Unlike conventional risk analysis techniques, scenario planning challenges risk managers to develop flexible frameworks and look beyond the usual evidence base. But is it catching on?

This article first appeared in StrategicRISK The Knowledge published in association with Zurich Click here to read the full report

Armageddon – the day you never thought would arrive. It is likely to evoke feelings of fear in all of us. The stress hormone cortisol rises rapidly, your heart beats faster, vision becomes blurry, hands sweat, mouth goes dry. Panic sets in. You thought this would never happen to you.

Now, imagine experiencing the same scenario, only this time after a dress rehearsal. You know the part you have to play, everyone knows theirs too and you are confident you can ad lib if necessary. In other words, you are a risk manager and you have implemented scenario planning as a key tool in your risk management toolkit.

A conventional risk analysis might involve scenarios, but this means the models have a baseline projection with variations from the norm. There is quantifiable uncertainty and from that, risk managers will be able to perform standard, conventional risk analysis, usually with three types of scenario – that is, high, medium and low risk.

Scenario planning ignores this rule of thumb and instead challenges risk managers to develop a set of flexible frameworks, adaptable to changing baselines and alternative outcomes at each turn. In this issue of The Knowledge, experts argue that this is the way forward for risk managers, as it allows planning to be incorporated flexibly. Scenario planning is about looking beyond the usual evidence base that’s used for the risk analysis and asking the ‘what if?’ questions instead.

Our latest survey of risk managers shows that in the main, more than half (57%) use scenarios to test both emerging and existing risks as a combined product, while 33% test only existing risks.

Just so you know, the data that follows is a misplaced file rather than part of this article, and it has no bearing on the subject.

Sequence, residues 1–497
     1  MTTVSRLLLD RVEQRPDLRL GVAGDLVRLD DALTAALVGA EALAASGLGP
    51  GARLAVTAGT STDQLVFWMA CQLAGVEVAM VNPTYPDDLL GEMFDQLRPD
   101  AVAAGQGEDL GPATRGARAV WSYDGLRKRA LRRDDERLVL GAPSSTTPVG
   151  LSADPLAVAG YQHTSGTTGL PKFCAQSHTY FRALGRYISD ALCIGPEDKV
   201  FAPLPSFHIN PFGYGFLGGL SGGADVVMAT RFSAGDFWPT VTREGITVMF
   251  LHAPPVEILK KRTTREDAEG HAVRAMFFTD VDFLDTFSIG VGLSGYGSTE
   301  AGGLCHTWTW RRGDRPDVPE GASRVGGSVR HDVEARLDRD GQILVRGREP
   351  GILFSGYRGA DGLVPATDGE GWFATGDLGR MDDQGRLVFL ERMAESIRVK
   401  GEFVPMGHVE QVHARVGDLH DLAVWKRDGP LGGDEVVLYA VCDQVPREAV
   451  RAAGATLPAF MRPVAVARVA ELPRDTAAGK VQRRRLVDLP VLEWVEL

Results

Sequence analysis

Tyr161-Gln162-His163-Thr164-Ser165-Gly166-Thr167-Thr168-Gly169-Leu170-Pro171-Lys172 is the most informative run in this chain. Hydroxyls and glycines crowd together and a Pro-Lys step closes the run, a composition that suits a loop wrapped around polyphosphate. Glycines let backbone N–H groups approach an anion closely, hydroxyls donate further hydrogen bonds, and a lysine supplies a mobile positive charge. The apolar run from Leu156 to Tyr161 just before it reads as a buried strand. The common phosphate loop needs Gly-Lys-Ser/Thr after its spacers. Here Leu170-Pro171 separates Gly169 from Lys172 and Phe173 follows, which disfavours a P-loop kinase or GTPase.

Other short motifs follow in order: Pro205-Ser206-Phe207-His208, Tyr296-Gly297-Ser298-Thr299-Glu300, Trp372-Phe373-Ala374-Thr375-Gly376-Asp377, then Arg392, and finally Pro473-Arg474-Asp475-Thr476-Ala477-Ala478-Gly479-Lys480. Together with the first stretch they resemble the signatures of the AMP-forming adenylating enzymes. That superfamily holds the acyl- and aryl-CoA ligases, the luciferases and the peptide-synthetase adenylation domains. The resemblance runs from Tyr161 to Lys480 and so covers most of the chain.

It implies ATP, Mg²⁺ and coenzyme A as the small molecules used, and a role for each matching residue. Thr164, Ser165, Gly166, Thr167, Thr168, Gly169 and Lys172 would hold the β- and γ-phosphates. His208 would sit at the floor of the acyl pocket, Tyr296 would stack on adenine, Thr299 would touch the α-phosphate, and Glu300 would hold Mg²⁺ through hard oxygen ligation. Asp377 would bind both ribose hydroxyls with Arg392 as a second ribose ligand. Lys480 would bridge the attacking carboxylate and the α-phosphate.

In a world where it seems like a new risk emerges hourly, it is interesting to note that only 9.5% use scenarios to test new, emerging risks as a standalone risk.

When asked how many scenario tests are conducted each year, respondents gave answers ranging from a few to hundreds or thousands. Size of firm and appetite risk could be responsible for these differences, though it is not clear from the results.

When it comes to planning ahead, more than half (55%) expect an increase in scenario analysis in the next 24 months, with the rest expecting no change.

None of the respondents will be scaling down their use of scenario planning in the next two years.

The top two risk scenarios tested by respondents (networks/systems/power outage and cyber attack/data breach) reflect the increasing dependence on IT systems and the associated risks of this dependence. However, apart from these two and property damage – ranked among the handful of risks that the majority of respondents have tested for in the past year – there is no clear consensus on the important risks facing the industry.

Only 37.5% tested for major failure of plant, suggesting two possibilities. Either this is seen as less important than IT systems breaches or failures, or not many respondents rely on manufacturing plants.

Meanwhile, given the significant increases in regional and global regulatory burdens, it seems surprising that only half of our respondents test for this type of failure.

When asked to specify the principal factors influencing their choice of which scenarios to test, 79% of respondents opted for the risk register and emerging risk maps (for this and one other question, they could choose up to three answers).

Principal risk severity, impact and probability came next with 62%, followed by requests from the board, non-executive directors and any external stakeholders

(55%). Once again, regulatory requests and compliance were lower down the rankings, with only 29% identifying this as a key area.

To a question about how lifelike these scenario tests are, 62% of respondents chose one primary event with multiple impacts. Cascading events and resulting impacts (where one event leads to another) and primarily one event and one impact were fairly close, scoring 17% and 14% respectively.

The testing of end-to-end business processes including suppliers is one of the least-used risk scenarios, according to our survey. Only 17% bother with this method, compared to the 40% of respondents who test segments of a business process, but more than one internal functional area or business line.

Almost half of our respondents use risk scenario workshops as a way of scenario planning, whereas only 10% use surveys of key stakeholders. About a third use risk scenarios integrated into business planning.

Just over a third of respondents benchmark their scenarios against some form of external loss data or industry-wide information. Is this because they don’t care, or because the information is not readily available?

According to 63%, the main benefit of using scenario planning as a risk management tool was that it created a risk-aware culture across the business.